In an August 7 order, Southern District of New York Judge Analisa Torres granted the Department of Justice’s motion to terminate the Paramount Decrees, consent decrees entered into by eight film production and distribution companies designed to eliminate the “horizontal distributor cartel of the 1930s and 40s [that] have regulated aspects of the movie industry for the last seventy years.” Amici curiae, the Independent Cinema Alliance (ICA) and the National Association of Theatre Owners (NATO), opposed the motion.
In 1938, the Department of Justice brought an antitrust action against Paramount Pictures, Inc.; Twentieth Century Fox Film Corp.; Warner Brothers Pictures, Inc.; Loew’s, Incorporated; Radio Keith Orpheum; Universal Corp.; Columbia Pictures Corp.; and United Artists Corp. Companies which then controlled the vast majority of the production, distribution, and exhibition of motion pictures nationwide. The defendants established a cartel to limit the first run of their movies to theaters they owned and to prevent independent movie distributors from accessing first-run theaters.
The defendants were found guilty of both gaining “monopoly power in the distribution market for first-run motion pictures,” and participating in a “conspiracy to fix licensing practices, including admission prices, run categories, and ‘clearances’” for almost all theaters in America. As a remedy, the district court required all defendants to consent to individual Paramount Decrees.
These required certain defendants to sell off movie theaters, and prevented them from acquiring new theaters unless the transaction received judicial approval. The defendants were also barred from several anti competitive practices including resale price maintenance, exclusive film licenses for over-broad geographic areas, block bundling, and circuit dealing.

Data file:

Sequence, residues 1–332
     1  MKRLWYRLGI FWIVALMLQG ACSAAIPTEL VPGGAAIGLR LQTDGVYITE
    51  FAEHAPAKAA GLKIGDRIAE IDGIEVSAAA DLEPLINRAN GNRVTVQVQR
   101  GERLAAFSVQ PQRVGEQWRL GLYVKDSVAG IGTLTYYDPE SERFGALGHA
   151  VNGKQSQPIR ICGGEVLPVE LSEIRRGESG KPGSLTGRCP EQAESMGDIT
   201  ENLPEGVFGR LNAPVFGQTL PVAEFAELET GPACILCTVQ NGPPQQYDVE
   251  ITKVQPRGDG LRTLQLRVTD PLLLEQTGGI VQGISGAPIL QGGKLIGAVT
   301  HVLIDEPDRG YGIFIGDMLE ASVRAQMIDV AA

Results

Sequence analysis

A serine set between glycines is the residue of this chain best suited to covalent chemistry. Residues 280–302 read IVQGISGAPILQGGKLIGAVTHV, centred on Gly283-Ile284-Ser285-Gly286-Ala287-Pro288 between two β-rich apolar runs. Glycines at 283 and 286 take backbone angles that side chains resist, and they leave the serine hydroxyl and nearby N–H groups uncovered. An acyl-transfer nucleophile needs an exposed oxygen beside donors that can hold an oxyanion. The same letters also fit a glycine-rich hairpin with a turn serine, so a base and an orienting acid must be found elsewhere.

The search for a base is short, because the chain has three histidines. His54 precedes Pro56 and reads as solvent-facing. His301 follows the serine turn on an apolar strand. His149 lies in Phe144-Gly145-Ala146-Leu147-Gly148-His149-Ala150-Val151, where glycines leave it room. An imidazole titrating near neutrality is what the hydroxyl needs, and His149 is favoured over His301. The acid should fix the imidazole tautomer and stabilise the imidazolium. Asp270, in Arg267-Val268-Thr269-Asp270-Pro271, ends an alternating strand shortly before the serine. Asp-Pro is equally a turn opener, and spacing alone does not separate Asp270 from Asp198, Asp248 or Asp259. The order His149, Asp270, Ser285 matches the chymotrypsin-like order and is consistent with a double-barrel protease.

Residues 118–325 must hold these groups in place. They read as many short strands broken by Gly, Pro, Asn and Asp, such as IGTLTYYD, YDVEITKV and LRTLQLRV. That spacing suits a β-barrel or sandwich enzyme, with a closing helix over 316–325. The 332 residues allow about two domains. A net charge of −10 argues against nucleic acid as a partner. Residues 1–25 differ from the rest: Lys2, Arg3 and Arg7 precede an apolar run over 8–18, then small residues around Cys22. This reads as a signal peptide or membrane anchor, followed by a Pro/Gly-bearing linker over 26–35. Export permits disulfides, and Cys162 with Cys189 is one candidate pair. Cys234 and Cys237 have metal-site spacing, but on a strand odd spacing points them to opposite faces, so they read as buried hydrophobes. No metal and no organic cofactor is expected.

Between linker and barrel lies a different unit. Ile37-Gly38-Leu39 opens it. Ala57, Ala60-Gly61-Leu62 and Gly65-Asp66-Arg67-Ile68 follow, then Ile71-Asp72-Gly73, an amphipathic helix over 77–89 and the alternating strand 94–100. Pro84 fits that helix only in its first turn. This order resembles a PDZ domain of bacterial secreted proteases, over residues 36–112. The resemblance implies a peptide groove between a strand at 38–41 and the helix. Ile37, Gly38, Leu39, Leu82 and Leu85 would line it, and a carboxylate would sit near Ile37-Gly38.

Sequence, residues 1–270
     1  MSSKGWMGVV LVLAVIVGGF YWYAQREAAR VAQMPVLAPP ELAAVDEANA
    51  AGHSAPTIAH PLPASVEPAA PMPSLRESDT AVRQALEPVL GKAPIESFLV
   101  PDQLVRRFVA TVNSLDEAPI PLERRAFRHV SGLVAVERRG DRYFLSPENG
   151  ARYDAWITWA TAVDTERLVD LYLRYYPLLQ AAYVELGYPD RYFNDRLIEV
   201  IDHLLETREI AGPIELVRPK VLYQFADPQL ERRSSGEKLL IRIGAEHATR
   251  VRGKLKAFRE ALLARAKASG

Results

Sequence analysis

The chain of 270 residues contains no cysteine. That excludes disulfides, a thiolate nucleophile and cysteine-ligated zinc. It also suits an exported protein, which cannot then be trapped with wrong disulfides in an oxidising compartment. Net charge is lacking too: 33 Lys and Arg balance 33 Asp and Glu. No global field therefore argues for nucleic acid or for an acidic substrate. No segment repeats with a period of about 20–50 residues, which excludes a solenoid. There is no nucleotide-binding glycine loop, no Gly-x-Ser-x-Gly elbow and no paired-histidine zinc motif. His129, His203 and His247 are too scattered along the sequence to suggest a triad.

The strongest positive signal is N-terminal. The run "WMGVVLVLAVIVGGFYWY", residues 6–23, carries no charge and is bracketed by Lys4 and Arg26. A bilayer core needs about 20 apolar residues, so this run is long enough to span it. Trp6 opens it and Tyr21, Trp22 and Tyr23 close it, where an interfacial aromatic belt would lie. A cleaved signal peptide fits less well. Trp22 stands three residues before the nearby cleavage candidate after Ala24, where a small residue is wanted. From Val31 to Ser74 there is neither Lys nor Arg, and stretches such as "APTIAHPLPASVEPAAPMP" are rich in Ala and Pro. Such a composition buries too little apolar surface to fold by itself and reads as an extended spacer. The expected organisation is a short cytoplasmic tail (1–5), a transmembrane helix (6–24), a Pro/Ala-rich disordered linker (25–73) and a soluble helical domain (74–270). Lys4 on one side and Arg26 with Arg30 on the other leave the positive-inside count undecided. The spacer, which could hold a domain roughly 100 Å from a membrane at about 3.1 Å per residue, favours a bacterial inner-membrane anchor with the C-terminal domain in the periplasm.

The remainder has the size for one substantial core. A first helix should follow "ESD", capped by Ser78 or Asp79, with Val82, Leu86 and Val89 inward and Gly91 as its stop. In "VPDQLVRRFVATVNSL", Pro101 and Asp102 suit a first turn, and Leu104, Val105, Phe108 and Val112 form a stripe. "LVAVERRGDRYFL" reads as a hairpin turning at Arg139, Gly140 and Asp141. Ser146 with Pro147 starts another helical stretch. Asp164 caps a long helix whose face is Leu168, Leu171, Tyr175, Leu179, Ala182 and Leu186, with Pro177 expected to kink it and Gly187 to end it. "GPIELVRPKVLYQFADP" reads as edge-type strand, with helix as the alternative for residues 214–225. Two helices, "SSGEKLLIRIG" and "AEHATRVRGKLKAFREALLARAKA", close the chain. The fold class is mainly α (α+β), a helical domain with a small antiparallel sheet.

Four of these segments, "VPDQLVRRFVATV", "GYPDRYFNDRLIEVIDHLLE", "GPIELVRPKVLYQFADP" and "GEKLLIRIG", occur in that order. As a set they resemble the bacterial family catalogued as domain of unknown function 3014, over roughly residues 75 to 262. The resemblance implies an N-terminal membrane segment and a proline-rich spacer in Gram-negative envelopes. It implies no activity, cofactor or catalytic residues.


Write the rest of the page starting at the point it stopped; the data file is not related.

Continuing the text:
In 2018, the DOJ began to consider whether it should unwind the decrees. It ultimately did so through a motion dated November 22, 2019, asking the court to end the sanctions for the remaining defendants and accepting a sunset provision addressing concerns about block bundling and circuit dealing. Because the government initiated the motion, the only question left for the court was whether it was in the public interest to do so.
The court held that the decrees were no longer necessary because “[b]oth the market structure and distribution system that facilitated that collusion are no longer the same.” The changes, the court noted, included separations in the supply chain like distinct movie distributors and theater operators. It also acknowledged that the proliferation of internet movie streaming services and the entry of new competitors like The Walt Disney Company caused the remaining defendants to face legal constraints that their new rivals did not encounter.
The Department of Justice solicited public comments, to which amici ICA and NATO responded, contending that the court should not lift restrictions on block booking and circuit dealing. The court explained that block booking is a tying practice where distributors agree to license “‘one feature or a group of features on condition that the exhibitor will also license another feature or group of features.” The court said circuit dealing occurs when a distributor licenses films “to all movie theaters under common ownership, as opposed to licensing each film on a theater-by-theater basis.”
The court found that the Justice Department’s voluntary sunset provision, preserving the block booking and circuit dealing provisions for two years, combined with changes to the industry and movie theaters themselves adequately addressed these concerns. The court wrote that the sunset period would “provide movie theaters a transitional time period to adjust their business models and strategies to any proposals to change the film-by-film, theater-by-theater licensing regime.”
The United States is represented by the Department of Justice’s Mark Merva and Yvette Tarlov, and the defendants by Shearman & Sterling; Williams & Connolly; Arnold & Porter; Munger, Tolles & Olson; Gibson, Dunn & Crutcher; and Davis Polk & Wardwell. The Amici Curiae are represented by Becker & Poliakoff, the Seifert Law Firm, and Nato.